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- TL;DR Summary
- Asking an opinion about the author's claim that QED was put into agreement with measurements in a suspicious way.

Dear all,

recently I came across this paper by one Oliver Consa,

https://arxiv.org/abs/2110.02078

The recap is

I'm curious whether experts think this is historically right. To me it seems that the author is mainly rephrasing critical sounds from the past regarding renormalization, before the advent of Wilson's effective field theory paradigm. His claim that renormalization is applied "arbitrarily" seems flat out wrong. Also, his treatment of the regularization used in e.g. the Casimir force is a bit dubious. But the mentioning of the calculated Feynman diagrams being in agreement with incorrect experimental values seems rather interesting. Does this author have a point?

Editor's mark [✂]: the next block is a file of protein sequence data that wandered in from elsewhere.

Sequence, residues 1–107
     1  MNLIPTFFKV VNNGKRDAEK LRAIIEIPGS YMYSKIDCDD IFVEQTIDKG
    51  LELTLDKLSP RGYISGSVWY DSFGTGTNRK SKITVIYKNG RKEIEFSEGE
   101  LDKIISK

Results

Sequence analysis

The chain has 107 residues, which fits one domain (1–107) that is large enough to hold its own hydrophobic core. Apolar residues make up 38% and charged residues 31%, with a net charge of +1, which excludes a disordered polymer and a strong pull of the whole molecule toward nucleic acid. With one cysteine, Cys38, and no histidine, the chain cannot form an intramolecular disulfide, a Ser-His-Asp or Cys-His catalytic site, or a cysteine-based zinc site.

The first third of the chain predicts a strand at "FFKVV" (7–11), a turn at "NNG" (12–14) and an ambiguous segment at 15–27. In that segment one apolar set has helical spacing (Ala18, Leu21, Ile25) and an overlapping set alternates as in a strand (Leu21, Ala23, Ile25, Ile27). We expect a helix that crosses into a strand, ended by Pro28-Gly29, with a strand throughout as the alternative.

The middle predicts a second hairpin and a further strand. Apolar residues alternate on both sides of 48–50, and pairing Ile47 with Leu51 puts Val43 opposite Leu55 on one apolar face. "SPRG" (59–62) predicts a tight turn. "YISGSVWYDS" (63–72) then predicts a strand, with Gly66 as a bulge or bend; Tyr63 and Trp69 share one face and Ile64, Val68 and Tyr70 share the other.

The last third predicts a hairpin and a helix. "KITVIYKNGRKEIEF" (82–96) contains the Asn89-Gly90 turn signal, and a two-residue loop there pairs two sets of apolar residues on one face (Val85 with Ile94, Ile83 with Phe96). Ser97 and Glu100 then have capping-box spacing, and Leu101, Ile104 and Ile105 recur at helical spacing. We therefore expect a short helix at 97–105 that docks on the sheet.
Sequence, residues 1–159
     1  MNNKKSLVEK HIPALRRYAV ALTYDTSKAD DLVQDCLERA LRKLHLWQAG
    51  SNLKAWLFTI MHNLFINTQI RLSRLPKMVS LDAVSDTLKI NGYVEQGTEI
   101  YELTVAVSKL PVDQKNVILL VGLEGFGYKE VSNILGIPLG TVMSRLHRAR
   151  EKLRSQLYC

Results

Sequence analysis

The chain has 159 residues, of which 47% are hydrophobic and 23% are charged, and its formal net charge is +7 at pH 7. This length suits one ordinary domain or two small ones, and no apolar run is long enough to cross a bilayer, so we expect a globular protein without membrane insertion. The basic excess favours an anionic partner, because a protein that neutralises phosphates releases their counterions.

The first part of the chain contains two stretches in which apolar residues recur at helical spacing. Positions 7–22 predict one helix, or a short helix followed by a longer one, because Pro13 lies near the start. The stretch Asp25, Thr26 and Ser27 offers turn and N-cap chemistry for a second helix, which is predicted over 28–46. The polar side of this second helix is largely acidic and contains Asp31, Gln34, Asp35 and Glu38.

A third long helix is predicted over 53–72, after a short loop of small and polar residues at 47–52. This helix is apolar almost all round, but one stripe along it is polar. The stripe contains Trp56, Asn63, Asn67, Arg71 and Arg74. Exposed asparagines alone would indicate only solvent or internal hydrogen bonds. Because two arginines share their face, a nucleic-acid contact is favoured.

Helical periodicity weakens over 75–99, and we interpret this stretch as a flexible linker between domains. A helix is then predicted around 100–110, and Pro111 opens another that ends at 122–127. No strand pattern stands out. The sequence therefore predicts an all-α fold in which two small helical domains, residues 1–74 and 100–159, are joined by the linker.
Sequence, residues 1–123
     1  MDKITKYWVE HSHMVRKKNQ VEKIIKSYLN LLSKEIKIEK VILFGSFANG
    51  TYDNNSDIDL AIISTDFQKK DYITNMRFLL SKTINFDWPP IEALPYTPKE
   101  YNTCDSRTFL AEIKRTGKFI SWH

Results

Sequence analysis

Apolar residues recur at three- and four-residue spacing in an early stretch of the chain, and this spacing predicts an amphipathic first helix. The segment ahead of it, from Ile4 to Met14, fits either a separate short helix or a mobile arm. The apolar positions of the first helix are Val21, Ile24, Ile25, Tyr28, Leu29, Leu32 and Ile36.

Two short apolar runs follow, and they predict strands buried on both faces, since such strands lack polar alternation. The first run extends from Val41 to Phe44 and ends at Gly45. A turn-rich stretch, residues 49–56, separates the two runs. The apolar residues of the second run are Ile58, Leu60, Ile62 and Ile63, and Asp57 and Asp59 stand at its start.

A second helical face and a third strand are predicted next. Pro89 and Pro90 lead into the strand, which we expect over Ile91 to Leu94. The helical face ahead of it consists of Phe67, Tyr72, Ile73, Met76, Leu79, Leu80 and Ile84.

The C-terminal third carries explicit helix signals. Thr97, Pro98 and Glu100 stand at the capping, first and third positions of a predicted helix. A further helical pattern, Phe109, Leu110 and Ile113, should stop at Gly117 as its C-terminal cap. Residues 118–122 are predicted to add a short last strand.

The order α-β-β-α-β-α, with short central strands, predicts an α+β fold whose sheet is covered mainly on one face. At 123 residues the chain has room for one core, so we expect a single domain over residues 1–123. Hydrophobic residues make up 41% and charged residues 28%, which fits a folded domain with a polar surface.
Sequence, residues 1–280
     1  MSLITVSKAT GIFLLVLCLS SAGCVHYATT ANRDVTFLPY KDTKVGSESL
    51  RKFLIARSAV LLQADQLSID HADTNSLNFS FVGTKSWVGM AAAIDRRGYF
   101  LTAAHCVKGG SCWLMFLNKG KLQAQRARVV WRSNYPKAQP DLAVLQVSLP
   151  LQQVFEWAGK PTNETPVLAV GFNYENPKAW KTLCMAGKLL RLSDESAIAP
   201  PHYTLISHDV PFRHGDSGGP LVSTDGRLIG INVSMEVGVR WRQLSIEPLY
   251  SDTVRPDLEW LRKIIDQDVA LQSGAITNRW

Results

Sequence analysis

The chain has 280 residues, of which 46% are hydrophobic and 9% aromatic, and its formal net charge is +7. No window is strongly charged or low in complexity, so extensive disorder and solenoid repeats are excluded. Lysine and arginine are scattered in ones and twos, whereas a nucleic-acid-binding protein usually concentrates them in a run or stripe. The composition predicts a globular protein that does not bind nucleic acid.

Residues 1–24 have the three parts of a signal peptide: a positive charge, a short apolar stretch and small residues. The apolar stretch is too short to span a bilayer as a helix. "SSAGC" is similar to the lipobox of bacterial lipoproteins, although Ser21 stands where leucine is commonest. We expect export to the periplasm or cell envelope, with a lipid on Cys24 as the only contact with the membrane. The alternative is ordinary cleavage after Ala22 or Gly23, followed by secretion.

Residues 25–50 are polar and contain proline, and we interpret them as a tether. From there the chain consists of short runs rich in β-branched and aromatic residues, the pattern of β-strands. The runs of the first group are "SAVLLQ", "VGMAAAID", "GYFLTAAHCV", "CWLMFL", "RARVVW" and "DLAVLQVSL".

recently I came across this paper by one Oliver Consa,

https://arxiv.org/abs/2110.02078

The recap is

Quantum electrodynamics (QED) is considered the most accurate theory in the history of science. However, this precision is based on a single experimental value: the anomalous magnetic moment of the electron (g-factor). An examination of the history of QED reveals that this value was obtained in a very suspicious way. These suspicions include the case of Karplus & Kroll, who admitted to having lied in their presentation of the most relevant calculation in the history of QED. As we will demonstrate in this paper, the Karplus & Kroll affair was not an isolated case, but one in a long series of errors, suspicious coincidences, mathematical inconsistencies and renormalized infinities swept under the rug.

I'm curious whether experts think this is historically right. To me it seems that the author is mainly rephrasing critical sounds from the past regarding renormalization, before the advent of Wilson's effective field theory paradigm. His claim that renormalization is applied "arbitrarily" seems flat out wrong. Also, his treatment of the regularization used in e.g. the Casimir force is a bit dubious. But the mentioning of the calculated Feynman diagrams being in agreement with incorrect experimental values seems rather interesting. Does this author have a point?